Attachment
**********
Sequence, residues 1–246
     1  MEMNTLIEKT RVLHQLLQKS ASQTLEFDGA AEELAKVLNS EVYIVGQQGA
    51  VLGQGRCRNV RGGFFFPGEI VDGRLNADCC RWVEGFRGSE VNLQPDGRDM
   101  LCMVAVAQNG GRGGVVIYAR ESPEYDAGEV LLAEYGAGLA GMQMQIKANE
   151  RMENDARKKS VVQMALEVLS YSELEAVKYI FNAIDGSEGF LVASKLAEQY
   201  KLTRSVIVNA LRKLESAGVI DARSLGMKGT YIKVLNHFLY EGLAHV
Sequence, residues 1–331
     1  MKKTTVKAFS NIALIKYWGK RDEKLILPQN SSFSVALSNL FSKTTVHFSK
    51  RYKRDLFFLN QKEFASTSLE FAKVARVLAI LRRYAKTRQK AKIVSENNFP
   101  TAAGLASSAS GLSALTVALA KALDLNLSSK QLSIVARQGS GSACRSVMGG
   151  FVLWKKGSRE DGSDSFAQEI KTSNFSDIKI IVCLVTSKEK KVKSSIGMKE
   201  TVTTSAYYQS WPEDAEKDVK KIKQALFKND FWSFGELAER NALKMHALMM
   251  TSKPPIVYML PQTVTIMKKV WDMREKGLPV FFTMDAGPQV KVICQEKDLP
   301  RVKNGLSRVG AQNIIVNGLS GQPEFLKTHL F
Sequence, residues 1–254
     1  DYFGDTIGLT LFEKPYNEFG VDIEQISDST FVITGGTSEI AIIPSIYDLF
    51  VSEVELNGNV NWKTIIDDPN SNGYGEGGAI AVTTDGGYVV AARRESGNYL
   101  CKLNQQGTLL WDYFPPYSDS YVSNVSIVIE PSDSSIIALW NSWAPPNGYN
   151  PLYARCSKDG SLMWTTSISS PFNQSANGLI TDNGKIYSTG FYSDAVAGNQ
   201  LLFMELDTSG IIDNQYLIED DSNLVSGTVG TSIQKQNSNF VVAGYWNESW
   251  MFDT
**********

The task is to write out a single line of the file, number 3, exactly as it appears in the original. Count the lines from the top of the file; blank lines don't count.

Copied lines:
    51  VLGQGRCRNV RGGFFFPGEI VDGRLNADCC RWVEGFRGSE VNLQPDGRDM